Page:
Age/Grade of Subjects
Pre-kindergarten to 6th grade.

Specified Disability
Reading Disabilities

Intervention
Participants received instructional intervention that focused on phonemic awareness and/or phonics instruction.

Duration of Intervention

  • Phonemic Awareness: 1-75 hours
  • Phonics Instruction: 1-3 years

Findings

Phonemic Awareness (PA):

  1. Phonemic Awareness instruction improved children’s ability to understand and manipulate phonemes by isolating, blending, and removing them from words.
  2. PA instruction provided short- and long-term benefit on children’s reading and spelling.
  3. Students can benefit from PA instruction taught by by researchers, teachers, and computers.
  4. Effective PA instruction (a) used letters and print examples; (b) taught no more than two manipulations (e.g., blending and segmenting) at a time; (c) was between 5-18 hours in length; and (d) was implemented with small groups of students.

Phonics Instruction:

  1. Systematic phonics instruction, in which students were taught a set of specified letter-sound relations and practiced using these relationships to decode text, was more effective than either non-systematic phonics instruction or non-phonics reading programs such as whole language.
  2. Systematic phonics instruction was effective whether delivered to a whole class, a small group, or through one-on-one tutoring. Phonics programs were also effective whether they focused on converting individual letters into sounds or on reading larger word units such as spelling patterns.
  3. Phonics instruction significantly improved the decoding, word reading, comprehension, and spelling skills of children in kindergarten and 1st grade.

Combined Effects Size

Phonemic Awareness Instruction:

  • The overall effect size was large, 0.86.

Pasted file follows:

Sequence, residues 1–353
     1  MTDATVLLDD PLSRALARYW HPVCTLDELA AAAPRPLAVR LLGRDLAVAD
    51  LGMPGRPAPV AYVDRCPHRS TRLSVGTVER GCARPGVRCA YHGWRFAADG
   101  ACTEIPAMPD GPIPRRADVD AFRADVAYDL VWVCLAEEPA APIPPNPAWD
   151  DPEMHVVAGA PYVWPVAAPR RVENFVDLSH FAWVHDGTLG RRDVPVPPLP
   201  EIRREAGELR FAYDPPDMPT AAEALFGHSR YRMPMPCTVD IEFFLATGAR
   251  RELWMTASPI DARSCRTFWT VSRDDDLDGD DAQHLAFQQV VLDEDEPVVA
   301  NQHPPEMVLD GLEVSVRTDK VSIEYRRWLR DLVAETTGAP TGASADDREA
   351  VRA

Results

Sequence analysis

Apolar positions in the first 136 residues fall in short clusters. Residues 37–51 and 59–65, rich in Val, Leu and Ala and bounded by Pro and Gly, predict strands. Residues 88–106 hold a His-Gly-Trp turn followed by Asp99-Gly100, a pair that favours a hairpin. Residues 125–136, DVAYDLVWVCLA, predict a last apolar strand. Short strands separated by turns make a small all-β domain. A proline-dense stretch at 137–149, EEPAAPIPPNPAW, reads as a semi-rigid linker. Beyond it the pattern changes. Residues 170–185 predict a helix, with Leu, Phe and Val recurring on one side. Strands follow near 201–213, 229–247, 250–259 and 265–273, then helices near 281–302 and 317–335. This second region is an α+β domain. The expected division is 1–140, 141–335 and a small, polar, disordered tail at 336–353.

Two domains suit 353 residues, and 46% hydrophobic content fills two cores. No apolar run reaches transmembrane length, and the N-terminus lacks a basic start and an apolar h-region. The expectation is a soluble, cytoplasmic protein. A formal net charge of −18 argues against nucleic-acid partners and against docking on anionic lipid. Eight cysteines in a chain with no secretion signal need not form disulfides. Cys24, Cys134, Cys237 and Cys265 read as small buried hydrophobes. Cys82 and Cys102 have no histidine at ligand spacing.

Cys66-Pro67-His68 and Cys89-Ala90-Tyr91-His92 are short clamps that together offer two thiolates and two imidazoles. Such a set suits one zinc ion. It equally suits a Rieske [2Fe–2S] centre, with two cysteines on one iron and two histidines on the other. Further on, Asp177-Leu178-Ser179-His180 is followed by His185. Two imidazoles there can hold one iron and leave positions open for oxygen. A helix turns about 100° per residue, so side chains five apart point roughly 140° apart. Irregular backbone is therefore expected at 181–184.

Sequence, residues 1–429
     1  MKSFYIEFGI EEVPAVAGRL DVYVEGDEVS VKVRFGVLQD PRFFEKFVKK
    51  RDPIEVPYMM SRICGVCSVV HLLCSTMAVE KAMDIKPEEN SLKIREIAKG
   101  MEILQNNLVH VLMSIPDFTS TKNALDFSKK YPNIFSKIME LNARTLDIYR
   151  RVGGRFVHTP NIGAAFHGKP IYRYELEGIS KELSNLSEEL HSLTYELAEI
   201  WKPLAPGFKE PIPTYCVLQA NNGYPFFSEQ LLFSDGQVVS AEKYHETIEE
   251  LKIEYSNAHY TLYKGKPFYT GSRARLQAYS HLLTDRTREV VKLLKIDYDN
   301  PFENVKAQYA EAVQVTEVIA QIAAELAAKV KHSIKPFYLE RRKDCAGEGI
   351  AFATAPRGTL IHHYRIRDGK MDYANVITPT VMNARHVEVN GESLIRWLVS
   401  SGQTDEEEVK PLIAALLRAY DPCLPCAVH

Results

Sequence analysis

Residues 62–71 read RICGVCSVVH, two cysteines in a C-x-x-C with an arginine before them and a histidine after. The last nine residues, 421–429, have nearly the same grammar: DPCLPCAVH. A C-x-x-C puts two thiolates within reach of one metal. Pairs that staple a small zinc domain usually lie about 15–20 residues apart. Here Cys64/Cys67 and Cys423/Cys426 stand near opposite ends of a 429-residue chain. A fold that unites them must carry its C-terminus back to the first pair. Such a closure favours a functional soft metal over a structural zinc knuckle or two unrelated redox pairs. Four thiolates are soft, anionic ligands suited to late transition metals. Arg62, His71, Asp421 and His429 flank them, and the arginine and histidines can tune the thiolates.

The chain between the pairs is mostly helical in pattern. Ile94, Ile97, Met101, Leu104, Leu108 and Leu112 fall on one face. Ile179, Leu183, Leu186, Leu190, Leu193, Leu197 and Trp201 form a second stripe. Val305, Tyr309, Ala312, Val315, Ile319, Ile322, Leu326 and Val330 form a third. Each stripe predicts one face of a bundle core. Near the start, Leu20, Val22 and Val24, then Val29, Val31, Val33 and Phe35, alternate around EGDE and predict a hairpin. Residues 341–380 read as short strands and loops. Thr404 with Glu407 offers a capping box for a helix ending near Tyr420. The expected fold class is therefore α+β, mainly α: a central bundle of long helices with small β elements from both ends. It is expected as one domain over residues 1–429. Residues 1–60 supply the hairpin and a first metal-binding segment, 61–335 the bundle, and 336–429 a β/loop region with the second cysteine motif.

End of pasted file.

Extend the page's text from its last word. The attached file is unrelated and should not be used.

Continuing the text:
• The effect sizes for reading and spelling outcomes were both moderate (0.53 and 0.59, respectively).

Phonics Instruction:

  • The overall effect size was moderate, 0.44.
  • The effect size for synthetic programs, which emphasized teaching children to convert letters into sounds and to blend sounds into words, was 0.45.
  • For programs that focused on blending larger subparts of words the effect size was 0.34,
  • For programs that did not use either the synthetic or the larger-unit approach the effect size was 0.27.
  • Phonics instruction in kindergarten and 1st grade had a significant effect (0.56 and 0.54 respectively),
  • Phonics instruction in 2nd through 6th grade had a low effect size 0.27.

Conclusion/Recommendations
This meta-analysis shows that both phonemic awareness and phonics instruction are useful components of teaching young children to read. Phonemic awareness helps develop pre-reading and early reading skills related to understanding that separate sounds make up spoken language and those sounds can be manipulated. Phonics instruction builds on phonemic awareness by teaching children that sounds correspond to different letter combinations, and those letters combine to make words. Learning these skills not only helps children learn to decode and sound out words, but also improves children’s overall reading and spelling skills.

For Future Research
The National Reading Panel suggests that, while this meta-analysis displays the usefulness of teaching these skills to children from pre-kindergarten to 1st or 2nd grade, there has not been sufficient research to support the use of teaching phonemic awareness and phonics skills to older children. More research should be done to determine if these methods are appropriate for older struggling readers, and, if not, what methods should become the focus of reading instruction for older children.

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* Meta-Analysis | A widely-used research method in which (1) a systematic and reproducible search strategy is used to find as many studies as possible that address a given topic; (2) clear criterion are presented for inclusion/exclusion of individual studies into a larger analysis; and (3) results of included studies are statistically combined to determine an overall effect (effect size) of one variable on another.